that, while it cannot be ruled out that in some ways he may have represented a novel interpretation of Jewish traditions, he was deeply rooted within the Judaism of the period. The same, I venture to say, is true for Paul, who most certainly lived and died as a torah-obedient Jew, convinced that the god of Israel intended to fulfill his covenantal promise to the people of Israel, at the same time extending his grace to include also the Gentiles.
We have thus identified the main problem of this study: namely, if the Jesus movement started out as a Jewish messianic faction, how can it be explained that a representative of the same movement, about eighty years later, finds the basic religious outlook of Judaism to be incompatible with the movement he represents? What mechanisms lie behind a development that makes Christianity an anti-Jewish religion, entirely separated from Judaism?
These questions have certainly been dealt with before.10 One modern work of vital importance is Dunn’s The Partings of the Ways: Between Christianity and Judaism and their Significance for the Character of Christianity (1991). Dunn claims that, during the end of the first century, two new religions emerged: rabbinic Judaism and Christianity. He states that the fact that they emerged from the same matrix makes relevant the question of why they split and became distinct. Despite the obvious merits of Dunn’s work, there are reasons for taking a fresh look at the separation between Judaism and Christianity.
Firstly, Dunn’s theoretical outlook and analytical tools are almost exclusively focused on ideological aspects. He identifies what he considers to be the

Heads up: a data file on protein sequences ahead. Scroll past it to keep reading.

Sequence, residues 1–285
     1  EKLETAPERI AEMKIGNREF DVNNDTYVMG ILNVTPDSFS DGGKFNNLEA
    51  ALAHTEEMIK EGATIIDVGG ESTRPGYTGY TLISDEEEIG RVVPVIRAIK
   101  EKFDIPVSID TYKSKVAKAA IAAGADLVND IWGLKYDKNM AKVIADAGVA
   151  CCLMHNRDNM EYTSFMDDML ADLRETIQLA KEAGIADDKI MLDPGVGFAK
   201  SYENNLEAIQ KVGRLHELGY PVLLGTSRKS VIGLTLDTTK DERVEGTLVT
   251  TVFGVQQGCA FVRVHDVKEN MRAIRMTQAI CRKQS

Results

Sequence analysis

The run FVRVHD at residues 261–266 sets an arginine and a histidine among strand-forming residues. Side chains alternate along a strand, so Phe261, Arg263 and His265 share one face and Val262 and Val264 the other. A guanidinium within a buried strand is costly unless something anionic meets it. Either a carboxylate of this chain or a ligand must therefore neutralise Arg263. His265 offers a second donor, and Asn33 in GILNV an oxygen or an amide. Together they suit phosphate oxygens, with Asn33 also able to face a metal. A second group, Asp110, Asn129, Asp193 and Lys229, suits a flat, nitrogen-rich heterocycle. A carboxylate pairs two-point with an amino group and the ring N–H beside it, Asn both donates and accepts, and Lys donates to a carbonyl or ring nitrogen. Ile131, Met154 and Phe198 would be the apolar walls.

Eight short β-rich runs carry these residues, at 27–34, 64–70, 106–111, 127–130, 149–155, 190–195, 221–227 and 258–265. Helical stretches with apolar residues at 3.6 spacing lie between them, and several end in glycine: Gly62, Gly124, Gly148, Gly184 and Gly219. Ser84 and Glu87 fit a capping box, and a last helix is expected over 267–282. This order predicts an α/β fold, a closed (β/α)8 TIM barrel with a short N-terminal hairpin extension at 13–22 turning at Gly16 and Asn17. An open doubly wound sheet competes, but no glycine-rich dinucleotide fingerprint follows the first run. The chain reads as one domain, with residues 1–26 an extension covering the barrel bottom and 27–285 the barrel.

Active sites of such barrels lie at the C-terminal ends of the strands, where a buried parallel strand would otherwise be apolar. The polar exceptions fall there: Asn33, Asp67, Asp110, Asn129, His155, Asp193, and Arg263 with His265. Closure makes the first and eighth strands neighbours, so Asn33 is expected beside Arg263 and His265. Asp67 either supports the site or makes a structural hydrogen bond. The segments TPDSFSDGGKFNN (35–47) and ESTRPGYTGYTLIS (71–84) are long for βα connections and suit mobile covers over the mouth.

four pillars of second temple Judaism, namely, monotheism, election, the covenant focused in the torah, and land focused in the temple. His basic hypothesis is that the partings of the ways was a result of the new movement’s questioning and the redefinition “of these four axioms in greater or less degree—at any rate, to a degree unacceptable to mainstream Judaism.” While ideological aspects certainly played a vital part in the process, it seems more correct to assume that what Dunn understands to be the cause of the separation process actually represents the result of the separation defined in ideological terms. The reason for this assumption is that concrete cultural resources (e.g., church architecture, symbolic practices, liturgical forms) are more likely to be the object of contention, while abstract resources (e.g., ideas, ideologies, values) are easier to manipulate and often function as strategically mobilized resources in conflicts over other kind of resources. A full historical analysis of the separation between Judaism and Christianity has to take into consideration the role of social mechanisms as well as the function of ideological aspects in a social conflict perspective. In this study I intend consequently to focus on the sociological aspects of the separation process: while naturally I will not disregard the ideological aspects, these will be treated within a sociological framework. Secondly, while Dunn takes into account the extensive reappraisal of the character of Judaism and even refutes what he views as too simplistic a dichotomy between gospel and torah,14 he reiterates the old dichotomy in a new way. Paul does not attack the torah or the covenant, Dunn, states, but “a covenantal nomism which insisted on treating the law as a boundary round Israel, marking off Jew from Gentile, with only those inside as heirs of God’s promise to Abraham.